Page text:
Contributions to moral philosophy, from Aristotle to Emmanuel Kant to John Stuart Mill and to John Rawls, are among the peak achievements of human intellect. Experiments in Ethics addresses The Question: how does moral philosophy relate to the effort in experimental psychology and behavioral game theory to model the contribution of moral values to individual choice and strategic interaction?
This engaging book does not fully settle the issue (does a philosopher ever fully settle the issue?), but it is packed with mordant insights and suggestive ideas for the behavioral scientist.
I start from the understanding that moral reasoning and moral behavior are an intimate part of the human behavioral repertoire. Unlike mathematics or video games, moral behavior is a part of even the simplest hunter-gatherer societies known to us, and the complexity of moral reasoning appears to be a feature of human society everywhere. Humans produce morality the same way spiders weave webs.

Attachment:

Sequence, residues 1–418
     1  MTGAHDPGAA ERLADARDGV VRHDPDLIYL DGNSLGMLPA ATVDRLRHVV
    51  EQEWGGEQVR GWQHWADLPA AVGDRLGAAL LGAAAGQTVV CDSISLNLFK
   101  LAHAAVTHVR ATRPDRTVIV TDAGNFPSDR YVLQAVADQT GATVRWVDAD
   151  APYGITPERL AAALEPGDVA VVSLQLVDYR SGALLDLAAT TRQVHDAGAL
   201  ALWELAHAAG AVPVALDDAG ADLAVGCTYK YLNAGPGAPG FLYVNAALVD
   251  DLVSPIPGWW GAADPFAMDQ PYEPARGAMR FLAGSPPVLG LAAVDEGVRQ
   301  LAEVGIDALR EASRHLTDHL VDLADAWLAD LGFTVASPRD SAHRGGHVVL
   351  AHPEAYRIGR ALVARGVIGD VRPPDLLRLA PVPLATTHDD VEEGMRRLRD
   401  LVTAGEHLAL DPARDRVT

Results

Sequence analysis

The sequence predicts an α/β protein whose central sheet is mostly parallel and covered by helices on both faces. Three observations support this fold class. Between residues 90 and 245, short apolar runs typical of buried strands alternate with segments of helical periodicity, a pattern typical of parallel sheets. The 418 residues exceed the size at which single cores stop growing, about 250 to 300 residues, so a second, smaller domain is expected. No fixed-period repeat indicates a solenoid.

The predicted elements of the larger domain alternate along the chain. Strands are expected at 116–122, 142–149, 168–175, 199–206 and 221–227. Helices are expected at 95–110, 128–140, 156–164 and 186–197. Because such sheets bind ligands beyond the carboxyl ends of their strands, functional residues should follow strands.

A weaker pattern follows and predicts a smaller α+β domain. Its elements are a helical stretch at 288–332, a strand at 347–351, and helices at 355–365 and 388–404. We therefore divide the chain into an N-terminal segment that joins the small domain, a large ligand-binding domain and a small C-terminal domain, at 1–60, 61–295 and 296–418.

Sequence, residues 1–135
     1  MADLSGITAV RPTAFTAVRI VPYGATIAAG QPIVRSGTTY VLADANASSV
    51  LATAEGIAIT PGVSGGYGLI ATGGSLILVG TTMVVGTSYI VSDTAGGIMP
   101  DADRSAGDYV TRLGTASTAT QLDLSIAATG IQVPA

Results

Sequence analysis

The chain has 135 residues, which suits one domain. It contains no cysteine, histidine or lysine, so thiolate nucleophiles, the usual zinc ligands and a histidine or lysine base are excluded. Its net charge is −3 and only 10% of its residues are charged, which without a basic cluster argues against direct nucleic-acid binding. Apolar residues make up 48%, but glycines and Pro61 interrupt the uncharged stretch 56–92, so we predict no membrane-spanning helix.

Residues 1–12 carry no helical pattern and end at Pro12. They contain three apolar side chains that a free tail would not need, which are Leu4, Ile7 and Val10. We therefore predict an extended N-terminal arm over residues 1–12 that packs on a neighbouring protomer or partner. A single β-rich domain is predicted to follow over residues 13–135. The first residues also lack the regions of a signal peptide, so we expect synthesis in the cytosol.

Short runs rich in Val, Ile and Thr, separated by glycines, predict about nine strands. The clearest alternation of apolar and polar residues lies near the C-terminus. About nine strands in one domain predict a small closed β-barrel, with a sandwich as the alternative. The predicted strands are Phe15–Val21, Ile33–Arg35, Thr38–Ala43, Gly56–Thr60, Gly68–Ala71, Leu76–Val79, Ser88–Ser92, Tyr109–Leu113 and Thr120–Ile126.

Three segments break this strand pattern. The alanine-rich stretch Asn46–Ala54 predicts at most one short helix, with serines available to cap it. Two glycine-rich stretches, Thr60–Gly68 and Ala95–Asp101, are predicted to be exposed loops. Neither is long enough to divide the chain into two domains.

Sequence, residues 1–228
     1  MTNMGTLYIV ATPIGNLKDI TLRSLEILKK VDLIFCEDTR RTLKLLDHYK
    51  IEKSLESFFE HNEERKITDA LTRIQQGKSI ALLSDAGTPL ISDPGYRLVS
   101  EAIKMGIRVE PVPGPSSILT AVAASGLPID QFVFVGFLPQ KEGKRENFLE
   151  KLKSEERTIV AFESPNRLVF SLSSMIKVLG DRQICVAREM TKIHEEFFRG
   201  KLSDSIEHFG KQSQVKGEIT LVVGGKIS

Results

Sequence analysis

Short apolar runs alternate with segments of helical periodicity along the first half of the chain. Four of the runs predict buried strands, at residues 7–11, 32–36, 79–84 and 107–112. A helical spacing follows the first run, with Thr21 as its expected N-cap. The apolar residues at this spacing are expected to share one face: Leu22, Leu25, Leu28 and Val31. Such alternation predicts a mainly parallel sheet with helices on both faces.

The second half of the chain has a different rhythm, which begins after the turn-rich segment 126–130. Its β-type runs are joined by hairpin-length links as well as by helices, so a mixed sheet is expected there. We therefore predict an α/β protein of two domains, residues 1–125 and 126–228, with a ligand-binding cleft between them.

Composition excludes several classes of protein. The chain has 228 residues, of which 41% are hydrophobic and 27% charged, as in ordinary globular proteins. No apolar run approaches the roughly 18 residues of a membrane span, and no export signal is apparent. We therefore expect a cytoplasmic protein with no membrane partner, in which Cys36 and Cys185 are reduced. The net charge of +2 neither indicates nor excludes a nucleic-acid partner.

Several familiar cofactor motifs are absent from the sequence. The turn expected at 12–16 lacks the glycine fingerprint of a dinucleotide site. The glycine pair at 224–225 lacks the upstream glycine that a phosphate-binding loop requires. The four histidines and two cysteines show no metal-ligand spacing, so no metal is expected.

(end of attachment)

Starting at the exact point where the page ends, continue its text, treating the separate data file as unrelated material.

This understanding suggests a very simple answer to The Question: just as physics moved from Natural Philosophy to Natural Science in a previous era, and more recently just as the study of human speech moved from the Philosophy of Language to Linguistics, so now does ethics move from Moral Philosophy to Behavioral Science in the current era. If this were correct, moral philosophy in the current era would be relegated to the position of the interpretation of behavioral science, just as the philosophy of science has become the study of the practice of scientists and the interpretation of their intellectual products.